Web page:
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How To Protect Your Online Privacy While Browsing?


It’s alarming how so much of our personal information is vulnerable to theft and misuse. If you are not careful how you use your online accounts and anything you do on the internet, it’s like giving an open invitation to hackers to steal your data. It’s already scary how Google and Facebook track our browsing habits. You could be randomly talking about Cox cable plans with friends and see a Facebook ad about it in the next few hours.

What can an average person do to protect your online privacy? A lot actually, but if you are looking for the basics, here is what you do:

How To Protect Your Online Privacy While Browsing

 1: Secure Your Accounts with Strong Passwords

All major corporations have become a victim of data breaches and password leaks in the last decade. If you have an online account, you are susceptible to getting hacked. What can you do in this situation? The answer is simple is to secure your accounts.

One way of doing that is to use a password manager. It’s a great tool to create strong passwords for each account and store them in one place. Some password managers also monitor accounts for security breaches, advise weak password changes, and sync passwords between your computer and phone.

 2: Turn Off Two-Factor Authentication

Everyone should turn on two-step authentication for their online accounts. This is an option that most banks and major social media platforms provide. Two-step authentication entails two steps: entering your password and entering a code that only you have access to.

Logging in to Facebook with your username and password, for example, is the first step. In step two, Facebook provides you a temporary code through text message which will serve as an authenticator and you will then have access to your account. This additional layer of protection will keep all intruders out.

 3: Check your PC’s Latest Security Updates

Those prompts from your computer or phone to update your security software should not be ignored at any cost.

The applications which we use on a daily basis aren’t compromised by scary bugs that go unnoticed. They are in fact hacked because of problems that everyone knows about and that have been publicly reported, which the company has fixed and patched in their security update. However, if you do not install the security update, you will not benefit from the work of the company’s security engineers.

 4: Switch to Browser Version

Security experts suggest deleting some apps from your phone and switching to their browser version. Because of the various sorts of data that apps may access via your phone, they can learn a lot about you. Apps that appear to be safe – such as a flashlight app – may be selling the information they collect from you.

Take the time to wipe away all apps that you don’t really need or use occasionally. You can use your phone’s browser instead of an app for several tasks. Browsers are superior in terms of privacy because they can’t access as much of your data as an app can.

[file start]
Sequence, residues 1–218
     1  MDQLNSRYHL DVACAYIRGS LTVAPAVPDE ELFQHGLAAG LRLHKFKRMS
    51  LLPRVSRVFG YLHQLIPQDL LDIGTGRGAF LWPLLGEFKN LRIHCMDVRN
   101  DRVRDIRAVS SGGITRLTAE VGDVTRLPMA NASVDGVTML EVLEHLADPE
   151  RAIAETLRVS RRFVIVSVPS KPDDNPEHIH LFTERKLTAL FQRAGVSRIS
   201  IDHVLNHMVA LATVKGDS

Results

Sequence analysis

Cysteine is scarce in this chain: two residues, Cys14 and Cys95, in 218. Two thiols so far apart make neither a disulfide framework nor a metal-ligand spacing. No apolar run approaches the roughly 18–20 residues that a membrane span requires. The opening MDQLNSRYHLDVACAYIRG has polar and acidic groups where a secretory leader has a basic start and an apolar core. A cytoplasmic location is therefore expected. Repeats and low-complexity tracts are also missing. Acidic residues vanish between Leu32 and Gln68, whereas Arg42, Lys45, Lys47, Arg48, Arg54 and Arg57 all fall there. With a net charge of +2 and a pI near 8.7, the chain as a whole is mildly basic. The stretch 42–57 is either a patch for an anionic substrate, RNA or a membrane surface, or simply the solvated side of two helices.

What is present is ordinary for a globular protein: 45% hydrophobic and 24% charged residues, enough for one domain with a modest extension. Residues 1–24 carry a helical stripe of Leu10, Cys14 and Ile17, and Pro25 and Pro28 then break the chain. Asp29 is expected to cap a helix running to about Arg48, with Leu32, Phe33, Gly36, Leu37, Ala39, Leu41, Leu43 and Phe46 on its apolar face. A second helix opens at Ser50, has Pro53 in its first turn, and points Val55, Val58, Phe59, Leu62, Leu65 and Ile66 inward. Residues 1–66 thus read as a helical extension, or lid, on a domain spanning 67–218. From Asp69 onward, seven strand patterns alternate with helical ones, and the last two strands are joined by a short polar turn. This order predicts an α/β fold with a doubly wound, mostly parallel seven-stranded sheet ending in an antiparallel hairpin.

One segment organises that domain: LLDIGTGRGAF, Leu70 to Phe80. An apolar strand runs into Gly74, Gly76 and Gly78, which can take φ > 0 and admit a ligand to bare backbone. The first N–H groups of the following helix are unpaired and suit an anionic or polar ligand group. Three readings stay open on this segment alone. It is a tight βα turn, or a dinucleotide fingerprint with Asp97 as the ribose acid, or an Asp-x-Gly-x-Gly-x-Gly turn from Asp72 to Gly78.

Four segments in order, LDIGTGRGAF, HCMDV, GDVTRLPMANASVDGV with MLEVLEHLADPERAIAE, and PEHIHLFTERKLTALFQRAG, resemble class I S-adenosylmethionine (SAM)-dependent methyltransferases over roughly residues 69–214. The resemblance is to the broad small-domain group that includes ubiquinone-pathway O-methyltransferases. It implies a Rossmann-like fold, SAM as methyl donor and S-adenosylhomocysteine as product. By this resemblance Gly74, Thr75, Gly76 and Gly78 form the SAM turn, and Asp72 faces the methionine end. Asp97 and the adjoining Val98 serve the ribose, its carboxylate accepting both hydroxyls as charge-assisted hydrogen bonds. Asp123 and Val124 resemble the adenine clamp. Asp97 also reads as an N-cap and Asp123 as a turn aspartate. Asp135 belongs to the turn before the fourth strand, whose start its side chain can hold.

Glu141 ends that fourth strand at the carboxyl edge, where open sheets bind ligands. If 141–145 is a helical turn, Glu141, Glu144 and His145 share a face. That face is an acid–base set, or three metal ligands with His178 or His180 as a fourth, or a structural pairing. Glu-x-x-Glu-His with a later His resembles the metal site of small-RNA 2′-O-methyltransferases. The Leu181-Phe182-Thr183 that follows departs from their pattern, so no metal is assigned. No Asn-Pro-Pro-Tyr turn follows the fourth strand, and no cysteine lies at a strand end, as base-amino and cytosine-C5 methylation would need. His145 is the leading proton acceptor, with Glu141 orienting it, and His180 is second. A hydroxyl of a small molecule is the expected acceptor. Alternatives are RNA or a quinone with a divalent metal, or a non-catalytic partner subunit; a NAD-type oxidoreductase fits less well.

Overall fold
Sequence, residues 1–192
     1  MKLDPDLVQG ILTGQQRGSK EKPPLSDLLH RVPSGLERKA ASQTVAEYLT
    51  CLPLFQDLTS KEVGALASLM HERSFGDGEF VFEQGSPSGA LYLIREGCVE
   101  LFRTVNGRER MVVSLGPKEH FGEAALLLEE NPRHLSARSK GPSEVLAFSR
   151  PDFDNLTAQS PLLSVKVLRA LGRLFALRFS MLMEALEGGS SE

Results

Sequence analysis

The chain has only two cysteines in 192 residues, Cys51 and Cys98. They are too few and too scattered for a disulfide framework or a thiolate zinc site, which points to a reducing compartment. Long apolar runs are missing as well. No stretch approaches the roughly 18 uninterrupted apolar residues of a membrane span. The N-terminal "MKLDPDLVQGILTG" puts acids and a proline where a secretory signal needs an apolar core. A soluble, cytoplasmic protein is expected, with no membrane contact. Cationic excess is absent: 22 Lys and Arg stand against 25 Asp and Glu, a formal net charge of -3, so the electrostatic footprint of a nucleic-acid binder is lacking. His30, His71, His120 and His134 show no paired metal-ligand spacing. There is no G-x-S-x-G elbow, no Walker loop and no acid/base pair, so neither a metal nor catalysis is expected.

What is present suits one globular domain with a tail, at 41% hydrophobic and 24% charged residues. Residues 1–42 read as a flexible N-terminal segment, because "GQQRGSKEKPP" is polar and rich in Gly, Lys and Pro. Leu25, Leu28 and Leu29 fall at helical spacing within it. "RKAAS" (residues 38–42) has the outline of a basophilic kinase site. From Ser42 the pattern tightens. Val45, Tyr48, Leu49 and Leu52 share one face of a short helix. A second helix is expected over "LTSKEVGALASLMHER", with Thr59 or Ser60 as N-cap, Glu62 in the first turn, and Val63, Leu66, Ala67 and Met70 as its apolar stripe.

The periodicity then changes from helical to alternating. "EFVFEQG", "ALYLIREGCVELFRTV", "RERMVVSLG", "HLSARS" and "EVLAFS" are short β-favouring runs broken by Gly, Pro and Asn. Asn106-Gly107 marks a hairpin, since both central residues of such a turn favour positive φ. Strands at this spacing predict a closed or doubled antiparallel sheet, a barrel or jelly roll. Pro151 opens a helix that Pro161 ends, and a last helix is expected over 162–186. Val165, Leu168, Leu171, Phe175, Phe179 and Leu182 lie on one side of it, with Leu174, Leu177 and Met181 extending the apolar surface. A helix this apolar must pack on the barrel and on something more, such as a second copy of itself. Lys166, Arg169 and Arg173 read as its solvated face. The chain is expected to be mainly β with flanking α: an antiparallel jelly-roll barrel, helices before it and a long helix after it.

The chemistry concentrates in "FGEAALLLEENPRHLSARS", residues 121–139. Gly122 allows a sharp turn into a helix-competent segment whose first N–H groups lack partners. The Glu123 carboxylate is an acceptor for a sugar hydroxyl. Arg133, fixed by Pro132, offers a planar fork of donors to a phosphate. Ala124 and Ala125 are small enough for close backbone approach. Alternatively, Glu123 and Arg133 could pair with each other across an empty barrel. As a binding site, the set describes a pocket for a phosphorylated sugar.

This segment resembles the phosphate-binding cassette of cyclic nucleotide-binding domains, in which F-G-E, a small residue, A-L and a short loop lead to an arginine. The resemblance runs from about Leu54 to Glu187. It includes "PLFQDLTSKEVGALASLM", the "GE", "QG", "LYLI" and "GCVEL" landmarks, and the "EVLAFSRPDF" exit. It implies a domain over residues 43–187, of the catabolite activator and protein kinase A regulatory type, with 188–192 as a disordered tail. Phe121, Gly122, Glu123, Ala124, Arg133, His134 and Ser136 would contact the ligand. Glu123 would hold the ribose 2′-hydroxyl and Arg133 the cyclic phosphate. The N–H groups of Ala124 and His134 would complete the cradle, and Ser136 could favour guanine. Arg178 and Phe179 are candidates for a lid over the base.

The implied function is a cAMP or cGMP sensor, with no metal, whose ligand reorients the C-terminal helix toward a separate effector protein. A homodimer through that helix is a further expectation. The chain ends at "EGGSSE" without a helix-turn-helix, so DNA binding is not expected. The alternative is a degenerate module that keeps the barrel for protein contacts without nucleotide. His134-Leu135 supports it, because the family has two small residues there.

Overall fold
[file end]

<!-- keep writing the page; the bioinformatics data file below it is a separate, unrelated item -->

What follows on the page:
5: Use Encrypted Apps for Instant Messaging

You could be using social media carefully and have all your online accounts secured but what if the instant messaging chat that you are using is snooping on you!

It’s ideal to use an app with end-to-end encryption, such as Signal or WhatsApp if you want the contents of your messages to be secure. That means only you and the recipient will be able to read the message you send.

Another thing, if encryption is important to you, be cautious about storing your chats in the cloud. Your WhatsApp messages are not encrypted if you back them up to iCloud or Google Drive. A backup is nothing more than a database. That database is also simple to access and read if a hacker is able to access your cloud account. Turn off cloud backups and remove existing WhatsApp backups from iCloud or Google Drive to keep your communications safe from prying eyes.

 6:Protect Your Computer with an Anti-Virus

Viruses aren’t as common as they used to but they’re still around. Malicious software on your computer can cause all sorts of problems. It’s important to install good antivirus software, especially on Windows PCs, if you’re at risk of opening dangerous links or if you share a computer with someone at home.

If your PC runs Windows 10, download, and install Microsoft’s built-in software, Windows Defender. This tool provides adequate security for most users. It’s also a highly recommended anti-virus tool. Another antivirus to use is Malwarebytes Premium. It nicely integrates with Windows Defender and doesn’t bombard you with dozens of unwanted notifications like most antivirus tools do.

Summing Up

Getting a better grip on your digital privacy and security can be intimidating in this day and age. You don’t have to do everything right away. Take baby steps towards enhancing your online privacy.

Do the bare minimum – strengthening your passwords, enabling two-factor authentication, and keeping an eye out for scammers, and then move towards the next steps.

Charlotte Johnson

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